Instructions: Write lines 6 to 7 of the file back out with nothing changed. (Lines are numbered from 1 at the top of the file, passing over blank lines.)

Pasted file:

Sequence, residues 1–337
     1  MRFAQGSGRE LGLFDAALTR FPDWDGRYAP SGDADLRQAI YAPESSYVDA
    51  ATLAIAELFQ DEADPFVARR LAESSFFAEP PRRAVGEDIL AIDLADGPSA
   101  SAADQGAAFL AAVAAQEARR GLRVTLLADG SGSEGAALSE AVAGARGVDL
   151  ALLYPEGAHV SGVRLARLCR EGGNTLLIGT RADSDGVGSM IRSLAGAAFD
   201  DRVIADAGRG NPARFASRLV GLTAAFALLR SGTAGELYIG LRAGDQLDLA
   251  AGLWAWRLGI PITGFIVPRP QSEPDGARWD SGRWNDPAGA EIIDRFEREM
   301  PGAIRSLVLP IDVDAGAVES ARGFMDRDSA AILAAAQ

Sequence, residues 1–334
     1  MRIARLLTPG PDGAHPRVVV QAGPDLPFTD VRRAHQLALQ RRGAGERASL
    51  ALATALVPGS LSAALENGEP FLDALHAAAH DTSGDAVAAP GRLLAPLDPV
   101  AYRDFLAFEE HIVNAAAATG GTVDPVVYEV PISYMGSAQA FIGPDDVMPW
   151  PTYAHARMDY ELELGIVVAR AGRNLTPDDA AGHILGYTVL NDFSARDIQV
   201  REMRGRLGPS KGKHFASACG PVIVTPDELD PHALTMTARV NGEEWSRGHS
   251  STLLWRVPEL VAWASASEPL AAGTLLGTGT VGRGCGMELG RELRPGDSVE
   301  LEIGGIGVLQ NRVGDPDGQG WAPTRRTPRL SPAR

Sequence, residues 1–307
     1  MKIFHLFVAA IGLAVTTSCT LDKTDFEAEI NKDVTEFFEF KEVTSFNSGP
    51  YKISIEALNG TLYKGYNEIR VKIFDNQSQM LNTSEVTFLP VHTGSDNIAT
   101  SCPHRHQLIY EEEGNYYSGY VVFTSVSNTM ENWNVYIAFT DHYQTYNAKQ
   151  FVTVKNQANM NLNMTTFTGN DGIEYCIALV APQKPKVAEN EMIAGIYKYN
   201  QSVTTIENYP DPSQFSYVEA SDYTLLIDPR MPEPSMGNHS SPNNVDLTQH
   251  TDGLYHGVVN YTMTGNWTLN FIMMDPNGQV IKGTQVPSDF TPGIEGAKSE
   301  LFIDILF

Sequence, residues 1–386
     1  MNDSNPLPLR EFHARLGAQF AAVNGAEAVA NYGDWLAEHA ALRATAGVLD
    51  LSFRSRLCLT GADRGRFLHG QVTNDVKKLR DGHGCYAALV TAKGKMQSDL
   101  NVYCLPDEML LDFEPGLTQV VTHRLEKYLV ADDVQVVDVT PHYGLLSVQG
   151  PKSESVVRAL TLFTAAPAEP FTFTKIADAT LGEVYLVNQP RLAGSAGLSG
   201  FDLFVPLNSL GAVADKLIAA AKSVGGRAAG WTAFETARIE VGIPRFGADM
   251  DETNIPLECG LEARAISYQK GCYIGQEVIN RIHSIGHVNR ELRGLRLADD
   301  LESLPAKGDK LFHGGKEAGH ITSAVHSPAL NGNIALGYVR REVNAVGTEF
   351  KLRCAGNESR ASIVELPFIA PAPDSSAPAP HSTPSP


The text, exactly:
   201  DRVIADAGRG NPARFASRLV GLTAAFALLR SGTAGELYIG LRAGDQLDLA
   251  AGLWAWRLGI PITGFIVPRP QSEPDGARWD SGRWNDPAGA EIIDRFEREM